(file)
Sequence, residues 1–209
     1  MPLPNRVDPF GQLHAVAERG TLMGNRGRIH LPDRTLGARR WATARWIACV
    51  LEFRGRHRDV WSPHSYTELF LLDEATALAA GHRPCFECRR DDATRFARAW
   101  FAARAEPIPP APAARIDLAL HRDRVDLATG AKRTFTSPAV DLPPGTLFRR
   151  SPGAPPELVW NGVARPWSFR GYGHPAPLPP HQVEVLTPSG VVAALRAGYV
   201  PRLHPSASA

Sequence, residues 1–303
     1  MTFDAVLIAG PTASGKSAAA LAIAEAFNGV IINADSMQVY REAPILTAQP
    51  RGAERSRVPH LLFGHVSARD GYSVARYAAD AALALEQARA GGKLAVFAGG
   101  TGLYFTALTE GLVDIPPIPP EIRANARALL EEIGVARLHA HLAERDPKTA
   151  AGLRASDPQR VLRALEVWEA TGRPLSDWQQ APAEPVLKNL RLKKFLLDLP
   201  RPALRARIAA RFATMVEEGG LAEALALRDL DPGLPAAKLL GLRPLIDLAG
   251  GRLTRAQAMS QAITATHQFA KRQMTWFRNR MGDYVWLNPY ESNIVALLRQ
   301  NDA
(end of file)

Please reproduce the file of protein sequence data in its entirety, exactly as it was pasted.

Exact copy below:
Sequence, residues 1–209
     1  MPLPNRVDPF GQLHAVAERG TLMGNRGRIH LPDRTLGARR WATARWIACV
    51  LEFRGRHRDV WSPHSYTELF LLDEATALAA GHRPCFECRR DDATRFARAW
   101  FAARAEPIPP APAARIDLAL HRDRVDLATG AKRTFTSPAV DLPPGTLFRR
   151  SPGAPPELVW NGVARPWSFR GYGHPAPLPP HQVEVLTPSG VVAALRAGYV
   201  PRLHPSASA

Sequence, residues 1–303
     1  MTFDAVLIAG PTASGKSAAA LAIAEAFNGV IINADSMQVY REAPILTAQP
    51  RGAERSRVPH LLFGHVSARD GYSVARYAAD AALALEQARA GGKLAVFAGG
   101  TGLYFTALTE GLVDIPPIPP EIRANARALL EEIGVARLHA HLAERDPKTA
   151  AGLRASDPQR VLRALEVWEA TGRPLSDWQQ APAEPVLKNL RLKKFLLDLP
   201  RPALRARIAA RFATMVEEGG LAEALALRDL DPGLPAAKLL GLRPLIDLAG
   251  GRLTRAQAMS QAITATHQFA KRQMTWFRNR MGDYVWLNPY ESNIVALLRQ
   301  NDA